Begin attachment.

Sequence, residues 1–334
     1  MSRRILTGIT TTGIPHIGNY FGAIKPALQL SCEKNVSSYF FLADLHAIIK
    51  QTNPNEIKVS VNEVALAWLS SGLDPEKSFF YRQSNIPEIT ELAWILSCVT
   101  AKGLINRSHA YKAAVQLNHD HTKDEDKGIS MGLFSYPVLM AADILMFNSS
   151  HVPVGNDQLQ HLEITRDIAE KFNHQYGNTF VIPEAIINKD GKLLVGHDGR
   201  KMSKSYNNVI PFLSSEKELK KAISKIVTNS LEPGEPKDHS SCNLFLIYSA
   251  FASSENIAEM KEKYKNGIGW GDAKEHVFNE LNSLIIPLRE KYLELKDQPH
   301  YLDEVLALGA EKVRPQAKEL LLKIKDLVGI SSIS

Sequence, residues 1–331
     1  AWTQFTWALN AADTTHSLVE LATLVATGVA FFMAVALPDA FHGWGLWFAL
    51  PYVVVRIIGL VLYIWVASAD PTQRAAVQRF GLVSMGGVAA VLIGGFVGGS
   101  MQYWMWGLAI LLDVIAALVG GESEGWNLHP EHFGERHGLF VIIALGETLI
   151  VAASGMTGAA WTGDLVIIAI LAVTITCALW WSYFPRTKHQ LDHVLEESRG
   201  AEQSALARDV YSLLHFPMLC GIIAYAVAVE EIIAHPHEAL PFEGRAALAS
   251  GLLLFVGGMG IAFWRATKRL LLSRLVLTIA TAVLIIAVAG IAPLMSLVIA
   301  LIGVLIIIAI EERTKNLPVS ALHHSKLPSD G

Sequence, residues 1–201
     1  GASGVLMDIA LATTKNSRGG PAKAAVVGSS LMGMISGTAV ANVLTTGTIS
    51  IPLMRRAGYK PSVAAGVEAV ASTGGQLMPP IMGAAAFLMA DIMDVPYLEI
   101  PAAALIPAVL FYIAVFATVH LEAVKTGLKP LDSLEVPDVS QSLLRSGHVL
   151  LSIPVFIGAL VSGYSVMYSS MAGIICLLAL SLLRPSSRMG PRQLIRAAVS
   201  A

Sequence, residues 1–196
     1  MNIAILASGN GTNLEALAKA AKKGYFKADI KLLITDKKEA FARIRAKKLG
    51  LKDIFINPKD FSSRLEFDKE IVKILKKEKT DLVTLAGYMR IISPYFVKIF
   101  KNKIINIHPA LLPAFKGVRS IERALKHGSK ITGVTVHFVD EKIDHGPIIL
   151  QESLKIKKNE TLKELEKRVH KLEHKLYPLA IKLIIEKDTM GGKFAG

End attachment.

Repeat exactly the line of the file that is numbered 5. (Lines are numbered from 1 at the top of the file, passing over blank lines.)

   151  HVPVGNDQLQ HLEITRDIAE KFNHQYGNTF VIPEAIINKD GKLLVGHDGR